Consolidated Statements of Operations. In fiscal 2021, we recognized an
additional $4 million settlement loss in Other income (expense) related to the
final asset transfers through purchased annuities.

Contractual obligations

The following table shows our long-term contractual obligations.


                                                       Payments Due by Fiscal Year
                           2022        2023        2024        2025        2026        Thereafter       Total
                                                              (In millions)
Purchase commitments      $   260     $   186     $   186     $   185     $   187     $      1,786     $  2,790
Long-term debt                369           -         134           -         250              308        1,061
Fixed interest on
long-term debt                 36          21          21          21          21               37          157
Variable interest on
long-term debt                  2           2           1           -           -                -            5
Finance leases(1)               5           5           5           4           4               18           41
Operating leases(1)            16          14          11          10           9               57          117
Total                     $   688     $   228     $   358     $   220     $   471     $      2,206     $  4,171



(1) Rental debts include interest.

Purchase commitments

We have entered into long-term, volume-based purchase agreements primarily for
the purchase of raw materials and natural gas with various key suppliers for all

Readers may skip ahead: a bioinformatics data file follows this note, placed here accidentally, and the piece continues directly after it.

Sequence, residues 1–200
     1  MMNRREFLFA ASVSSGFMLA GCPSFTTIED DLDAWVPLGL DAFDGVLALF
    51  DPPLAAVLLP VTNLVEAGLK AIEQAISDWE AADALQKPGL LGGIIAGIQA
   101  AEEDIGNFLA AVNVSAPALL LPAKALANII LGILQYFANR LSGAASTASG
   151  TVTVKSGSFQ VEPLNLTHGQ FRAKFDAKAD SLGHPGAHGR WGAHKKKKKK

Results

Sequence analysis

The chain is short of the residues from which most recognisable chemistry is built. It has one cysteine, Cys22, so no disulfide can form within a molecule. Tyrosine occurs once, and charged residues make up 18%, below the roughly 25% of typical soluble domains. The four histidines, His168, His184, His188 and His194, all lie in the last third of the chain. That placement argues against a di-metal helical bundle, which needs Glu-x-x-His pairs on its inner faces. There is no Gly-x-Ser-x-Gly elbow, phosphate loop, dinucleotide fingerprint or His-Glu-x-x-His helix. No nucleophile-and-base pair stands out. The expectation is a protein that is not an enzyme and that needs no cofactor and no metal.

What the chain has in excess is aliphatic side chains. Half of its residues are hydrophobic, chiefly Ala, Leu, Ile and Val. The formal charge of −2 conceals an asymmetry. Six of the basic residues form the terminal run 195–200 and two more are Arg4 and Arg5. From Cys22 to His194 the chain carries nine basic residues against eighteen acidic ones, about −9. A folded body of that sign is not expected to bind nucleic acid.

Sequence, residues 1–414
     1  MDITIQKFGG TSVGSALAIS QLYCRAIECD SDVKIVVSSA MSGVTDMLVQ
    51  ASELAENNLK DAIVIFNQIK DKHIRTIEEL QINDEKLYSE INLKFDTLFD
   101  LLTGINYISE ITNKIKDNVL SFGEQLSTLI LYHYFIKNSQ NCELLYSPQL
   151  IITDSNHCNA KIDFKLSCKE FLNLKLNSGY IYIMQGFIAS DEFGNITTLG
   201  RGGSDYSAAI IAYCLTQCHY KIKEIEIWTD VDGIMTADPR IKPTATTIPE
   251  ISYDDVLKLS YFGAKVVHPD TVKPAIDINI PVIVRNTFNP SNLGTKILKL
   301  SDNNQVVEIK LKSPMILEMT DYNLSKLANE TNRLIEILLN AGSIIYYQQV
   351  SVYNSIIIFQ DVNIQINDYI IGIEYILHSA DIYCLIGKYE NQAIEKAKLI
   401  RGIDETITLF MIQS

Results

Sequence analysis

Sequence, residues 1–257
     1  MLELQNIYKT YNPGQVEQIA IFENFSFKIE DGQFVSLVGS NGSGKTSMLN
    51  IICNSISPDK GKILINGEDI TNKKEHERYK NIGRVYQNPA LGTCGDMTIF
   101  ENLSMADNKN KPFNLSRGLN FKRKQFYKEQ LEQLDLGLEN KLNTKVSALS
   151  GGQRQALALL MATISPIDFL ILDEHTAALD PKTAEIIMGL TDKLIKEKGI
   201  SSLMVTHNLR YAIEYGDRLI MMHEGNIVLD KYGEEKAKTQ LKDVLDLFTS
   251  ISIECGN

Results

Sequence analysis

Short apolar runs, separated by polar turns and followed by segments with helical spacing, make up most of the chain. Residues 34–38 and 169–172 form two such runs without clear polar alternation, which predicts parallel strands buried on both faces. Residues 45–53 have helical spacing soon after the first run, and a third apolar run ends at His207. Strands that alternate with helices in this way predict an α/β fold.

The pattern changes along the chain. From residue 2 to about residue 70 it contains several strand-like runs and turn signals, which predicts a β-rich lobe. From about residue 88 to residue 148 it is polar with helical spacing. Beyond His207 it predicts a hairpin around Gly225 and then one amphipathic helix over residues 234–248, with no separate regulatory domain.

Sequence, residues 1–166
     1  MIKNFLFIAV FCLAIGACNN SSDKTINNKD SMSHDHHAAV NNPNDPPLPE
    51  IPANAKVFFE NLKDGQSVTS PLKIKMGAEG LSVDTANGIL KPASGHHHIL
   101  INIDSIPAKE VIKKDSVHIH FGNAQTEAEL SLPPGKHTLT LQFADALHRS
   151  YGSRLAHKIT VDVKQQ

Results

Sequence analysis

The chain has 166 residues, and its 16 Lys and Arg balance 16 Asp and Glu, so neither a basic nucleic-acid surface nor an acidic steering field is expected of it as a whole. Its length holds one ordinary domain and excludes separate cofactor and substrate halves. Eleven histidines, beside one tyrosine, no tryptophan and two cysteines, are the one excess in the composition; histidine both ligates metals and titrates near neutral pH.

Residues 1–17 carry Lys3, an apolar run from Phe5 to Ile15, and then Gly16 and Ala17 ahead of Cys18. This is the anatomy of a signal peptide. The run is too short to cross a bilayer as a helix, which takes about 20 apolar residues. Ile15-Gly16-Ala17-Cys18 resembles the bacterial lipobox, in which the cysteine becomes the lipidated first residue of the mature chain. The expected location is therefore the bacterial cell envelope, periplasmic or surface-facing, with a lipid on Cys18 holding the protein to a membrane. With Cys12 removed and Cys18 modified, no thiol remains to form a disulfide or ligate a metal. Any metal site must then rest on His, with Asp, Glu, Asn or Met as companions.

of our business segments. Under certain of these agreements the quantity of
material being purchased is fixed, but the price we pay changes as market prices
change. For purposes of the table above, current purchase prices have been used
to quantify total commitments. We have also entered into long-term purchase
agreements primarily for services related to information technology, which are
not included in the table above, that total $7 million as of September 30, 2021,
the majority of which is expected to be paid within the next 5 years.

Leases

We have entered into various leases as the lessee, primarily related to certain
transportation vehicles, warehouse facilities, office space, and machinery and
equipment. These leases have remaining lease terms between one and eighteen
years, some of which may include options to extend the leases for up to fifteen
years or options to terminate the leases. Our land leases have remaining lease
terms up to sixty-nine years.